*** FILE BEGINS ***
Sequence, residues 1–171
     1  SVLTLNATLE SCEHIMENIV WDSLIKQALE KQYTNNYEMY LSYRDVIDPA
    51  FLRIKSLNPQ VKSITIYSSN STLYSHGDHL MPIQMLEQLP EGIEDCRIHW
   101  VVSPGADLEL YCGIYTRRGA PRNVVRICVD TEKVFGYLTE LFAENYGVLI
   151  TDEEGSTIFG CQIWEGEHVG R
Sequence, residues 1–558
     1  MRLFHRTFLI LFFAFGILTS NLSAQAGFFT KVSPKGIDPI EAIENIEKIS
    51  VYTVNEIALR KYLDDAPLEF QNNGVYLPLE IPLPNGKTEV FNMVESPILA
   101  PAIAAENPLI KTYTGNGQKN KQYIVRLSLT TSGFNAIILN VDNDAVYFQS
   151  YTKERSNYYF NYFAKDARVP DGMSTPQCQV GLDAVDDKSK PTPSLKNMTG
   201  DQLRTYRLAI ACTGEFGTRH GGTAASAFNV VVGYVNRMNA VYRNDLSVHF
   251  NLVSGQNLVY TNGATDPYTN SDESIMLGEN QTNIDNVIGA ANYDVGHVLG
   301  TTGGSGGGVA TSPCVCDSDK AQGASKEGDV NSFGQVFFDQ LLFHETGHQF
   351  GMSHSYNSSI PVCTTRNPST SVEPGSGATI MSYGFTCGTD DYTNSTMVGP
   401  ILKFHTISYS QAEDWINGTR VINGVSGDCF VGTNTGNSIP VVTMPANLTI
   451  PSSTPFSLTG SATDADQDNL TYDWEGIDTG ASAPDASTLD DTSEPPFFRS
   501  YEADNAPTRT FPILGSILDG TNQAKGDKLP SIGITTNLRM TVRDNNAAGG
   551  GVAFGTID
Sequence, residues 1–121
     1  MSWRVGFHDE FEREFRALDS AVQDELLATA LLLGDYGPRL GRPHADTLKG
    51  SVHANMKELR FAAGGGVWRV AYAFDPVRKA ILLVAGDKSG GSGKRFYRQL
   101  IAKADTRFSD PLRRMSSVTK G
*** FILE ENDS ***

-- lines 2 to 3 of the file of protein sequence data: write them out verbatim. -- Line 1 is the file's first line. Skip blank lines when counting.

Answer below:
     1  SVLTLNATLE SCEHIMENIV WDSLIKQALE KQYTNNYEMY LSYRDVIDPA
    51  FLRIKSLNPQ VKSITIYSSN STLYSHGDHL MPIQMLEQLP EGIEDCRIHW